More On Legal & Compliancefrom The Advisor's Professional Library
- Nothing but the Best Execution Along with the many other fiduciary obligations owed by RIAs, firms owe a duty to seek best execution of clients transactions. If they fail to do, RIAs violate Section 206 of the Investment Advisers Act.
- Code of Ethics Rule The Code of Ethics Rule, found in Rule 204A-1, uses severe consequences for violation to help ensure investment advisors will do the right thing.
Securities and Exchange Commission chairwoman Mary Schapiro remained steadfast Friday in her plans to issue soon a proposal to further rein in the money-market fund industry.
During a conversation with Mellody Hobson, president of Ariel Investments, at the Investment Company Institute’s (ICI) annual conference in Washington, Hobson noted how the industry and the SEC are at “loggerheads” over the SEC’s plans to float the net asset value of money-market funds and impose capital requirements, along with limiting or charging fees on redemptions.
Hobson told Schapiro that the fund industry has “never dug in its heels like this,” in objection to a reform proposal by the SEC. Schapiro responded in agreement: the industry is “more dug in and strident [on money-market fund reforms] than we’ve seen on other issues.”
However, Schapiro said that despite that fact “We do all know where we stand,” and that she “applauded” the firms that have been in to talk to the SEC about their concerns with money-market funds.
When asked by Hobson if the SEC would be open to more discussion about its proposal, Schapiro responded: “When we propose [the rule] it will be in ink, but that’s not final. I’m always open to discussion.” The proposal, she continued, will say, “Here’s the core problem we are trying to solve, you tell us what you think about it.”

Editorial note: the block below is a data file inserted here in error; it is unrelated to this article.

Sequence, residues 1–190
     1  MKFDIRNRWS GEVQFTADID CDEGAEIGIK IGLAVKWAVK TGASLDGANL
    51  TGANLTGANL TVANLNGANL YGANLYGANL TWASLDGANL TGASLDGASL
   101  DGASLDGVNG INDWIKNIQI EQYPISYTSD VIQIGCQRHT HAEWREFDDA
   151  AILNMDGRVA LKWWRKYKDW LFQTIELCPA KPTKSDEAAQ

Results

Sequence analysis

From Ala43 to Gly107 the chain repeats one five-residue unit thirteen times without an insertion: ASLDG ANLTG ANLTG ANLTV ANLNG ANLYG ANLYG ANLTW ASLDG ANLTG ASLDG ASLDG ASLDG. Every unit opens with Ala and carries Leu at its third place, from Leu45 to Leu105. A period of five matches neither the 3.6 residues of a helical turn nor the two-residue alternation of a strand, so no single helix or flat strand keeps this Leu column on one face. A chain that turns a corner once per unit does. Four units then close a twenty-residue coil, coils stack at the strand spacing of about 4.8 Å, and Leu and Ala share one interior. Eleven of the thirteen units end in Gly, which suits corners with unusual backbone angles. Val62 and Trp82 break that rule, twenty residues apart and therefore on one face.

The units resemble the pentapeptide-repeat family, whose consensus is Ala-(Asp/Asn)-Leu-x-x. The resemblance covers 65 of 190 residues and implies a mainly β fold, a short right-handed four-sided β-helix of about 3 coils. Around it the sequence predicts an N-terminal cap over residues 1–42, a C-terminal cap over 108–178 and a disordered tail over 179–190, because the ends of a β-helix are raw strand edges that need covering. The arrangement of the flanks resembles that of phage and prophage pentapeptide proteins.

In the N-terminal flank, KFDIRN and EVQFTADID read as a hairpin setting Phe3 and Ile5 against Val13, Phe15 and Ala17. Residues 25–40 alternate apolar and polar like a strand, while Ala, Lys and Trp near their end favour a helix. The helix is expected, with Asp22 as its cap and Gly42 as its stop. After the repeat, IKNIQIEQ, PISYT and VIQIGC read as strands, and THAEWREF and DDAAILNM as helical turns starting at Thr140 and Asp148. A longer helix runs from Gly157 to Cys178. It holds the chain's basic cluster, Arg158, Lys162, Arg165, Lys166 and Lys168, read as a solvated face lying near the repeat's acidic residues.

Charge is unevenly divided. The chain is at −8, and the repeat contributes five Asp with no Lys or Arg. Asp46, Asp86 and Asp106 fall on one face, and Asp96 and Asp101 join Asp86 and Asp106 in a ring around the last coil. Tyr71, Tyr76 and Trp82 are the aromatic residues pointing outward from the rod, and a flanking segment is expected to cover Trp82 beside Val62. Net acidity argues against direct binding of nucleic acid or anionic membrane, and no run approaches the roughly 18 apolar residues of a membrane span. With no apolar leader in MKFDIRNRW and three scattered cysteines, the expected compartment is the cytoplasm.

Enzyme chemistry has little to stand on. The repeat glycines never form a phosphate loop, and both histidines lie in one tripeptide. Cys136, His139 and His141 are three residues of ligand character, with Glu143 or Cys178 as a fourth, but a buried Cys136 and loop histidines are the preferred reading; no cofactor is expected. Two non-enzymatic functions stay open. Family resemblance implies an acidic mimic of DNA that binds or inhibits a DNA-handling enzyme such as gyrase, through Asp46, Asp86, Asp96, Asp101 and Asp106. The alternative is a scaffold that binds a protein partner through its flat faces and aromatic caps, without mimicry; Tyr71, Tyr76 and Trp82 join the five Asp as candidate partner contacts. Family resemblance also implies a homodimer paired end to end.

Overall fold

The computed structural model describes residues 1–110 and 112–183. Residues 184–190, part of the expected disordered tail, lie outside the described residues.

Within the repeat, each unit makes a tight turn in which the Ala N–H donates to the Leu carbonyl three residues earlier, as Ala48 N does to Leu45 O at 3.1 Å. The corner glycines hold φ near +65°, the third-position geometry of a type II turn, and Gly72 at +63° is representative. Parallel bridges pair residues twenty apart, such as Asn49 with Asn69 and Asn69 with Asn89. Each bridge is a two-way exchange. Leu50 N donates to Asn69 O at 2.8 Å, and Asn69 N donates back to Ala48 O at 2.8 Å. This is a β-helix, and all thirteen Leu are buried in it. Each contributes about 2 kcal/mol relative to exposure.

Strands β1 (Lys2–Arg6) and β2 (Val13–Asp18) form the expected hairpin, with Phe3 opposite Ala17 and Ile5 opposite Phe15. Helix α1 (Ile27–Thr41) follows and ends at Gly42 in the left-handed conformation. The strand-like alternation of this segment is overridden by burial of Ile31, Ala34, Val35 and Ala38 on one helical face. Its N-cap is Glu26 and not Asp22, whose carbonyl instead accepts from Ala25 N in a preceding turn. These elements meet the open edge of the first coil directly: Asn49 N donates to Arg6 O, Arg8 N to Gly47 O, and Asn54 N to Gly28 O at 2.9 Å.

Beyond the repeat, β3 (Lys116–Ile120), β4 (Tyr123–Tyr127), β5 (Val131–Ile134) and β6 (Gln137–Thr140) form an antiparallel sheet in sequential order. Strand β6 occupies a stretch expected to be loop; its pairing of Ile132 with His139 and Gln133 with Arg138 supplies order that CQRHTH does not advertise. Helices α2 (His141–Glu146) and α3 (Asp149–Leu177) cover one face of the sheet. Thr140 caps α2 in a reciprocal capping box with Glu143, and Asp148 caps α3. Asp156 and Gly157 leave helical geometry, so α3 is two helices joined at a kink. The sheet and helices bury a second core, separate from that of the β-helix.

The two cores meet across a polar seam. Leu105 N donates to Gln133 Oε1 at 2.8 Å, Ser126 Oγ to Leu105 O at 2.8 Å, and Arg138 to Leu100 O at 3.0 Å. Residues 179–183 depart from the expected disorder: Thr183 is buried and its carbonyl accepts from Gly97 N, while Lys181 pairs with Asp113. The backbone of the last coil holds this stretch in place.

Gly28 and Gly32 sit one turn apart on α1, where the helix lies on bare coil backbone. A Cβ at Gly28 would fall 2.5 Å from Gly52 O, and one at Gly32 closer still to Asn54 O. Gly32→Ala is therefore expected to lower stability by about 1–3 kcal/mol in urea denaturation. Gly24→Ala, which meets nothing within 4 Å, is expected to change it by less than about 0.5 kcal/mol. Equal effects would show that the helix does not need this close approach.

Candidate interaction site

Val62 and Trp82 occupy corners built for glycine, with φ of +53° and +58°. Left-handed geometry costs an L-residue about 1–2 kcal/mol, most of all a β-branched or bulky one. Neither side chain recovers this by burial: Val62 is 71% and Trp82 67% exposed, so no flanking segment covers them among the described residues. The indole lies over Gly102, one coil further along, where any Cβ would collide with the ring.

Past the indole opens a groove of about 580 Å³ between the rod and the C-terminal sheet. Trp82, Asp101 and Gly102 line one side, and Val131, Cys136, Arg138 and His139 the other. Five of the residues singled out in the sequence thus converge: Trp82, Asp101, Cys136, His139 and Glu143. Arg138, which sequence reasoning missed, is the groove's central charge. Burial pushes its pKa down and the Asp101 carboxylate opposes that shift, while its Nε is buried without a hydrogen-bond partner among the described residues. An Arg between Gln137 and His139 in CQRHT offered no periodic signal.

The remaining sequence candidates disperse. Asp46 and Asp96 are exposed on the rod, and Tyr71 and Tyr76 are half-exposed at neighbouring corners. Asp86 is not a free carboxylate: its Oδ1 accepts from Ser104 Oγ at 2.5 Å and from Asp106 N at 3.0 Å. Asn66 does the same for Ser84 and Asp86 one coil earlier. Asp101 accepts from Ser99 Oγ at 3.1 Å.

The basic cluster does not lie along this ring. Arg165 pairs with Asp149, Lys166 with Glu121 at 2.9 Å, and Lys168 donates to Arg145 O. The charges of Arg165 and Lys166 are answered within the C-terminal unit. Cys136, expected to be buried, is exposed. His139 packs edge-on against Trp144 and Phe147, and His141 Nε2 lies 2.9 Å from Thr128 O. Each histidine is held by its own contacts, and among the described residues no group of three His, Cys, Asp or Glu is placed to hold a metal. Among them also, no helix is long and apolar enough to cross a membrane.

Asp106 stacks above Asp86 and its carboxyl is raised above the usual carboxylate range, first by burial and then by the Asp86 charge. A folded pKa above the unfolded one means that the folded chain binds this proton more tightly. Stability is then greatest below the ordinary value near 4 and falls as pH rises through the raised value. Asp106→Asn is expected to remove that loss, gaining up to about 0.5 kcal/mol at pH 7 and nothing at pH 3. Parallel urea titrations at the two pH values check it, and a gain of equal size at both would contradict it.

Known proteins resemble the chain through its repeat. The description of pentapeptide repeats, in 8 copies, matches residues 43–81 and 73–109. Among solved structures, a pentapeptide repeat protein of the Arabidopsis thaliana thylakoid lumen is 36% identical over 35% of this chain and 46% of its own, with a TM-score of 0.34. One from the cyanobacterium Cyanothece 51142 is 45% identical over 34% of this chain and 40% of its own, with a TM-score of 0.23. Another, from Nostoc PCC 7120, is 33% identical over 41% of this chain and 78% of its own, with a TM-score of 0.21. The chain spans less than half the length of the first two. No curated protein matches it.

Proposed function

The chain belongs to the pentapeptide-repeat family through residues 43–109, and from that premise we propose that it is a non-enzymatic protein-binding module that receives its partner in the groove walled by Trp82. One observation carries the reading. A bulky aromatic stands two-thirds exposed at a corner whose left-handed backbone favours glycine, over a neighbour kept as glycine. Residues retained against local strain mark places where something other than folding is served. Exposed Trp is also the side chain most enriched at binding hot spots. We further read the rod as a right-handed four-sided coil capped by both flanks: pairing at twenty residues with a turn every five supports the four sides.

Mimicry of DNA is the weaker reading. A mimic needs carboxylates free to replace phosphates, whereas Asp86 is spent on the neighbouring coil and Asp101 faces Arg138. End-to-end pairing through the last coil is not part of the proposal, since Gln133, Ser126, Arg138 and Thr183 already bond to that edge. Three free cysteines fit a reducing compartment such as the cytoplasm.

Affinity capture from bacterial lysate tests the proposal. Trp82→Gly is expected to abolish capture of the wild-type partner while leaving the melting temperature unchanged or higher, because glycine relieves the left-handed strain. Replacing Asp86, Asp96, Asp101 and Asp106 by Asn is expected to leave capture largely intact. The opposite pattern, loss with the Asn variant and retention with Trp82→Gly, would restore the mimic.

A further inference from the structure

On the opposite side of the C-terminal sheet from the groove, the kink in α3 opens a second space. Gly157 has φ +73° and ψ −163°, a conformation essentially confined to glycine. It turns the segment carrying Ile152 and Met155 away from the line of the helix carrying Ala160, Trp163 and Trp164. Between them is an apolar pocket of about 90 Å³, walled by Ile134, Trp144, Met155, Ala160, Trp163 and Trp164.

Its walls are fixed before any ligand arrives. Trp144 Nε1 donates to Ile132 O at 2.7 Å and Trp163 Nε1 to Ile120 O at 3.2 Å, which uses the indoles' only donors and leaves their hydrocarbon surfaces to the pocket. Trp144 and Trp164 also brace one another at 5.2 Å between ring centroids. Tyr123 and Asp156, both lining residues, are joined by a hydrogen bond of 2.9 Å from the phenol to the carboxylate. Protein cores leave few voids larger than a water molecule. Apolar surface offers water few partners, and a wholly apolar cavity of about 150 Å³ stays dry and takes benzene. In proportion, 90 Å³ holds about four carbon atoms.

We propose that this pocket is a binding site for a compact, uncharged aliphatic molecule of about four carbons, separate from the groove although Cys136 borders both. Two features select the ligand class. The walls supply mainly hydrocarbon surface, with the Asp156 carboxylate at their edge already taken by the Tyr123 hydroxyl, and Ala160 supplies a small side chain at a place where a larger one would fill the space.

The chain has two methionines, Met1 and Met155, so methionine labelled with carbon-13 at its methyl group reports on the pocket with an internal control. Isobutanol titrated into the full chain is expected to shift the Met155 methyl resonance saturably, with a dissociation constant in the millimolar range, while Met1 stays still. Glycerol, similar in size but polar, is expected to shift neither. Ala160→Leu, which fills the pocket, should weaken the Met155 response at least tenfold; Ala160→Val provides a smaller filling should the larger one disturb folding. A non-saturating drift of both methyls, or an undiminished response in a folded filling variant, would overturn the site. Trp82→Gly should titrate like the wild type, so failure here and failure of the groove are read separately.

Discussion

Fidelity Investments and Federated Investors have been at the forefront of opposing further money-market fund reforms. The ICI event was abuzz, too, about the ads sponsored by the U.S. Chamber of Commerce that are splashed around the Washington subway system (known as the Metro) advocating no further changes to money-market funds.
After the Reserve Fund broke the buck, the SEC, in 2010, adopted new rules that imposed robust liquidity requirements on money-market funds and also required higher-quality credit, shorter maturity limits and periodic stress tests, moves that Schapiro has said made “money-market fund portfolios stronger and more resilient.”
But Schapiro has noted that “when [the SEC] passed these reforms, I clearly stated that we needed to do more—that those reforms were just a first step. Because, despite changes in the assets they hold, money-market funds remain susceptible to a sudden deterioration in quality of holdings and consequently, remain susceptible to runs.”